What You Need: Rubber gloves, tightly woven long-sleeve shirt and pants, Long socks, Shoes or boots that can be washed or hosed off, Goggles and breathing mask, Sharp pruning shears or a hand pruner, Sharp-edged shovel, Heavy black plastic garbage bags and ties, Herbicide containing glyphosate or triclopyr (e.g., Roundup, Ortho Brush-B-Gon), Rubbing alcohol.

Ann Schertz 327.3402 Mia Martin 345.1585

Thursday, June 25, 2009

Bryan Park Creek Naturalization Maintenance

Reminder from Tonia:
Wednesday, July 1

The City of Bloomington Parks and Recreation Department earned Community Wildlife Habitat certification from the National Wildlife Federation last year. The Bryan Park Creek naturalized area played a key role in certification and requires periodic maintenance to control invasive species and ensure native plant success.

Duties: Volunteers assist with monthly upkeep of this natural area! Help maintain the native plants along beautiful Bryan Park Creek.

Program Time: 5:30-7 p.m.

Location: Bryan Park, 1001 S. Henderson St. — Henderson Shelter

Age of volunteers: 12 yrs. and up (Children under age 12 yrs. must be accompanied by an adult.)

Number of volunteers: 5-30

Other: Sign up individually or as a group.

From the City of Bloomington Parks and Recreation Program Guide:

The Bryan Park Creek naturalized area requires periodic maintenance to control invasive species and ensure native plant success. Volunteers are needed to assist with monthly upkeep of this natural area. Workdays take place on the first Wednesday of each month, April-October. We meet at the Woodlawn Shelter at 5:30 p.m. and work until 7 p.m. Call Steve Cotter at 349-3736 for additional information.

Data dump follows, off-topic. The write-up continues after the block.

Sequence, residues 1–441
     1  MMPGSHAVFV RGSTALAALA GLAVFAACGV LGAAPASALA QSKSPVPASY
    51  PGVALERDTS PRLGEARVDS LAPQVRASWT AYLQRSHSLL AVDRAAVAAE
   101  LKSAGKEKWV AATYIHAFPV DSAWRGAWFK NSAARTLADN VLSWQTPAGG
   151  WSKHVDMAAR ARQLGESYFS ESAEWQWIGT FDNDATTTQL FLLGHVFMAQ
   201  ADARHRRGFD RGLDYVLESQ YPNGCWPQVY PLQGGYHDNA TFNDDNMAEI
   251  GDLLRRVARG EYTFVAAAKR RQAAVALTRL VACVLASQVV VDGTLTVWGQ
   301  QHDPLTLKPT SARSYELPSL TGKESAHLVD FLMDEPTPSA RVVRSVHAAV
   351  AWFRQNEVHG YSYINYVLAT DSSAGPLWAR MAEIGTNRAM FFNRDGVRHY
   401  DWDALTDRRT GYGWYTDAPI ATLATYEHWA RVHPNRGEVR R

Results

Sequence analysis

Dates: 5/6, 6/3, 7/1, 8/5, 9/2, and 10/7
Ages: For all ages.
Location: Bryan Park, Woodlawn Shelter

Wednesday, June 24, 2009

Election Results

Elections were held at our June 23 meeting. Mary Miller is the new president of the BPNA. Jab Sorby will take over as vice-president. Jenny Bauer and Mary Lou Mitchell will continue to serve in their positions as Secretary and Treasurer.

Thursday, June 18, 2009

Elections - Statements from candidates

Dear Bryan Park Neighbors,

I would be proud to serve as the Bryan Park Neighborhood Association President for 2009-10. Stepping into this role is a natural extension of the community effort I enjoyed in the creation of our new blog ( over the course of the last year. I thoroughly enjoyed getting to know the members of the committee and look forward to the opportunity to build on our momentum. Our effort was a success, and recently won the 2009 Mayor's Excellence Award from Bloomington's Department of Housing and Neighborhood Development. Keeping in mind that we still need to serve our neighbors that do not have access to the Internet, the new blog is a wonderful tool for community-building. Looking forward, it could be opened up for new features or content (sustainability information? services directory?) by others in the neighborhood. I would see my role as president to help foster the group participation that will make the neighborhood association a vital resource for all our neighbors.


Mary Miller

Hello Neighbors,


Greetings. May all be well. First, I would like thank Marcus Reed for a very warm and kind nomination for the upcoming BPNA elections. After much contemplation and discussion with neighborhood friends, I have come to the conclusion that I would like to accept the nomination for President of the Bryan Park Neighborhood Association.

As a representative of one of Bloomington’s best (perhaps the best) neighborhood associations, I feel like I could do a good job in service. The safety, community and happiness of all the residents of the neighborhood would be my concern.